A: Divorce in his day was an issue akin to what same-sex marriage is for us now. Lewis believed that in a country (England) where many people were non-Christians, Christians shouldn't expect non-Christians to conform to a moral standard that wasn't their own, because that would create a theocracy that he was against. He believed there should be civil marriage for all and separate Christian marriage for those who chose to bind themselves together in that way. I think he would still feel that way today.

Q: Screwtape mentioned that the road to hell is a gentle slope. Is the stage setup (a wedge-shaped piece on top of the stage floor, with a slope upwards from the audience to the back wall) meant to reflect that?

A: No, although that's a good observation. This is what's called a raked stage, which among other benefits allows the entire audience to see the whole stage floor, which is important for this show.

Q: Something about whether there are any Calvinist/predestination overtones in the show.

A: At first I thought no, there weren't, but the more I learn about C.S. Lewis and the more time I spend with this show, it seems the man's fate was never really in question, although Screwtape doesn't know that as he's fighting for the man's soul. I know there are many non-Christians who come to see the show, and I think you'll hear from Christians that spiritual warfare doesn't end at the point of conversion. It begins.

Q: Do you have non-Christians join your theatre company?

A: Yes, many. We don't have Christianity as a requirement, so we have actors of many faiths (or no faith).

Q: How much of the book did you cut out for the show?

A: To listen to the entire book would take about six hours, and I didn't think you'd all want to be here that long. We've used about 20 of the 31 letters from The Screwtape Letters. We went for the ones that could be put into a narrative that could be staged without losing too much of them in the adaptation.

Q: Did you change anything to modernise the show?

A: We changed direct references to WWII, since that was when this was published, to terror attacks, but that was the only modernisation of the words. We added some things, like the magazine with Madonna on the front and the references to models on a catwalk, but those were visual additions that didn't require changing any words. That so little needed to be changed after over 70 years speaks to the universality of this story.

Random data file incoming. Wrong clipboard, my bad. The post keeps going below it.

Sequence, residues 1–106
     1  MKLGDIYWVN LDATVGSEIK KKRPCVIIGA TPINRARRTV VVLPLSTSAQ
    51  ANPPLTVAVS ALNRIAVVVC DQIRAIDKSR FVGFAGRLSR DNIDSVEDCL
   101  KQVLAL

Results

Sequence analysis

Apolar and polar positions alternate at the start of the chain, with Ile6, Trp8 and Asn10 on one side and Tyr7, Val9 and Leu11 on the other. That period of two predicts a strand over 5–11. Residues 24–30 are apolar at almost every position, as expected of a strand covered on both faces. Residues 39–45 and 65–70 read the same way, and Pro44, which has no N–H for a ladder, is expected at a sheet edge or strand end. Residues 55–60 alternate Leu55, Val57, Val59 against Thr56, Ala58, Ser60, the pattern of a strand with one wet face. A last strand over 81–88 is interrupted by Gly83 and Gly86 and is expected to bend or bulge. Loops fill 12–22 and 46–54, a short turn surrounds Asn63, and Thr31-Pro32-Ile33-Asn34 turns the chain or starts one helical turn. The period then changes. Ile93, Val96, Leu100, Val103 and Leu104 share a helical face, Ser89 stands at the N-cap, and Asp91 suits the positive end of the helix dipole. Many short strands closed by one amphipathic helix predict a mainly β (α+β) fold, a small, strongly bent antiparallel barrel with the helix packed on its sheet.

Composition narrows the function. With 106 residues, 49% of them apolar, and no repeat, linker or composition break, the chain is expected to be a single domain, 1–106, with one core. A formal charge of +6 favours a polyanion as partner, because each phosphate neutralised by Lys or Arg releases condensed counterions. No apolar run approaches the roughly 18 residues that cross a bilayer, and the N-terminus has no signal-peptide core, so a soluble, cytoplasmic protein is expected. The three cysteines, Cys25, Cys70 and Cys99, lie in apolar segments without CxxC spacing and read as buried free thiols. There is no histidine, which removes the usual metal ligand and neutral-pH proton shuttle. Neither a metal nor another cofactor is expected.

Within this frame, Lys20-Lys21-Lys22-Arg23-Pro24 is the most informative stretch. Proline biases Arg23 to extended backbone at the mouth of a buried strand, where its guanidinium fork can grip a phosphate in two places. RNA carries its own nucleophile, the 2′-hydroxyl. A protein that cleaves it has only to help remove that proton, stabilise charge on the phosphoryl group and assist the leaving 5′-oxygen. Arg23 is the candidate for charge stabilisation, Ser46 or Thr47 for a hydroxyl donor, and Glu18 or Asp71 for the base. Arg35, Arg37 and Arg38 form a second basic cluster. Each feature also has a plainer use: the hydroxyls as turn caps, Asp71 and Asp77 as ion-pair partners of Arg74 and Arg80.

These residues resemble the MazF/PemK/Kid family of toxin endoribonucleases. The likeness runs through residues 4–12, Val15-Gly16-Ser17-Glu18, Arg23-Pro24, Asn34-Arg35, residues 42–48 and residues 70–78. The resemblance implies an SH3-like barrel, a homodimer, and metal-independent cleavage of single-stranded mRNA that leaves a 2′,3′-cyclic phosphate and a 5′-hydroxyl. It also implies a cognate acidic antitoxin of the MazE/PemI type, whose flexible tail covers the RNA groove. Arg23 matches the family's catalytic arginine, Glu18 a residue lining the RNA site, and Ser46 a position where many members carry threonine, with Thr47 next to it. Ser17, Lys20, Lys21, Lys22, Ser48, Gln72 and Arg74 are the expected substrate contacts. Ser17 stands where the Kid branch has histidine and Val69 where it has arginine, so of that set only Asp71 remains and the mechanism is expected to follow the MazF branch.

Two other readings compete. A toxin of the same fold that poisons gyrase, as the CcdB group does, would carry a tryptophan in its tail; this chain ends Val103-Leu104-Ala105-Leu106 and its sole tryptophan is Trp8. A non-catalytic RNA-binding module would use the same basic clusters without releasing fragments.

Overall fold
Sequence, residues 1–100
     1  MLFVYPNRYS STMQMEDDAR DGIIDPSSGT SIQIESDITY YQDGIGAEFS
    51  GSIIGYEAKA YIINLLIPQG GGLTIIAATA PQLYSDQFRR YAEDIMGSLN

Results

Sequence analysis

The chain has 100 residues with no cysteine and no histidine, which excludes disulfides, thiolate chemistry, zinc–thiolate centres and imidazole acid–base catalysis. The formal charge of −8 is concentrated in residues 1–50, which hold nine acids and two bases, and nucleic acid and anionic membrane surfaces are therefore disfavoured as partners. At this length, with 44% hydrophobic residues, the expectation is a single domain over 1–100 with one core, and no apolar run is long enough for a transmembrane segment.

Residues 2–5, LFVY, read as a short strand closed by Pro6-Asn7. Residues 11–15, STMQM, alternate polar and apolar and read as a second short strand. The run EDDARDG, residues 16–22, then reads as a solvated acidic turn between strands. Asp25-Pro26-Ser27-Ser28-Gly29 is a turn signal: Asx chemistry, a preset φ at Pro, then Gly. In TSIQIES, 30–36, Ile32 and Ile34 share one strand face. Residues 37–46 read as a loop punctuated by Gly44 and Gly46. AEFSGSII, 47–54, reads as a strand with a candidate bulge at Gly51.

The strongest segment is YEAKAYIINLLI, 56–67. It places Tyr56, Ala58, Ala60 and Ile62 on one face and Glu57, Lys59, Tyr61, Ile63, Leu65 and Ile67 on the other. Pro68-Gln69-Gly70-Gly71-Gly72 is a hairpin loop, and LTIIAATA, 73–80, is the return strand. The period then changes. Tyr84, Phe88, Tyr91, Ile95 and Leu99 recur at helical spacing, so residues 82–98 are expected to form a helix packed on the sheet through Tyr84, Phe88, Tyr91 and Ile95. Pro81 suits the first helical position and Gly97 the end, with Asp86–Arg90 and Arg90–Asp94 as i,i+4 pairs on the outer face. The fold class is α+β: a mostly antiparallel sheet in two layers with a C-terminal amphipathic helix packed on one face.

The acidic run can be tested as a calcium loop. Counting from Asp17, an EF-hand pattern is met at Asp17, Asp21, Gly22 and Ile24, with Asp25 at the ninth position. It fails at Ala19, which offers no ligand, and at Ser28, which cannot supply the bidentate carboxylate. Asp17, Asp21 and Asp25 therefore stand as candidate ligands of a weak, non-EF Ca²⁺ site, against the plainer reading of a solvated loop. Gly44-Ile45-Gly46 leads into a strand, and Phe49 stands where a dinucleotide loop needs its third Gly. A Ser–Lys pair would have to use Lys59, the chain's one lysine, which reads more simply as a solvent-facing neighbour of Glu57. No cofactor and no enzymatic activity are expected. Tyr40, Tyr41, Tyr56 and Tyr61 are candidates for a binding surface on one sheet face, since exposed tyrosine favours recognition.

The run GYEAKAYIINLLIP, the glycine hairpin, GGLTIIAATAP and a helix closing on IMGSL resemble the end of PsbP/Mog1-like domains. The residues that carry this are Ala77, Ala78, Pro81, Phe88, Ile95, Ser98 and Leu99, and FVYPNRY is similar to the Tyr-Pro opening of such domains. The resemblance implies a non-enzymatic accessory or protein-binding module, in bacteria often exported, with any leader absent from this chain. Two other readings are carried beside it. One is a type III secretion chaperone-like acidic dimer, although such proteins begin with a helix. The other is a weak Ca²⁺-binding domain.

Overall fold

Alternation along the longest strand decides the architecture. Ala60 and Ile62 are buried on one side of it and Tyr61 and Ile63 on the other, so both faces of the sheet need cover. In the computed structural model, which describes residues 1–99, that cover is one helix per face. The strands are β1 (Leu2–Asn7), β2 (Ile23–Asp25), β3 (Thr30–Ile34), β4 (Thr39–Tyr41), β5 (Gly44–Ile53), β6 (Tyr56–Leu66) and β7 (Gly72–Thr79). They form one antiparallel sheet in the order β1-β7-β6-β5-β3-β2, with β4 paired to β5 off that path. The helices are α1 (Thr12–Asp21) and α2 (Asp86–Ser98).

Q: Something about the casting process.

A: Well, the show only has two characters. Of course, the book only has one character, but it does refer to Toadpipe (played by Karen Eleanor Wight), so we've put that character in so Screwtape can dictate his letters instead of being stuck behind a desk. We received over 600 resumes for the part of Screwtape, called in 120 for auditions, eventually narrowed it down to Brian Harris.

Q: Do the actors in this show struggle as much with performing it as Lewis did with writing it?

A: It's important to remember we aren't rewriting this, we're just interpreting it. I think Brian is having a lot of fun with it.

And that's all I can remember! Glad I decided to write this down right away instead of waiting. Have you read or seen The Screwtape Letters? Or just want to talk about C.S. Lewis?

11 October 2015

Where the People Are

I dragged my sister to see The Little Mermaid, this time not against her will. It's probably more accurate to say she dragged me. (The link is to the Houston playbill, because it's not available online for the Austin show, that I could find. Same cast, though.)

So I've never read the fairy tale. I saw the Disney movie when it first came out, didn't like it, and that's pretty much the end of my experience with this story. Denise, on the other hand, was really excited about seeing it. Until we got to the theatre, headed up to the 6th floor, and then still had more steps to go up to get to our seats. She was not excited about sitting in the rafters. (The jury is still out on whether she'll join me for any of the rest of the seasons' shows.)
,
The show was fun--it's definitely better onstage than animated and in my TV. After the show, I went down to stage door to get my playbill signed, dragging a reluctant Denise behind. Obviously, The Little Mermaid requires a whole bunch of costumes and makeup that take some time to get out of, but one of the actors' mothers was outside and she and I chatted while we waited. And she also was kind enough to stop some of the actors for me to get them to sign my playbill, because while I'm brave enough to stand around outside looking awkward, I'm apparently not brave enough to actually talk to strangers. Sigh...

Anyway, the actors who play Ariel, Eric, Flounder, Flotsam, and Jetsam are the ones I talked to long enough to ask them to sign, and they were all very sweet and gracious about it. In fact, Flounder asked if he could flip through the playbill to see what it looked like ("a giant ad," he said, and he was 100% correct) while trying not to transfer any chocolate from his fingers onto the playbill. Meanwhile, I was holding myself back from saying, "It's okay if you get chocolate on it!" because that's a level of creepy I'm just not ready for yet.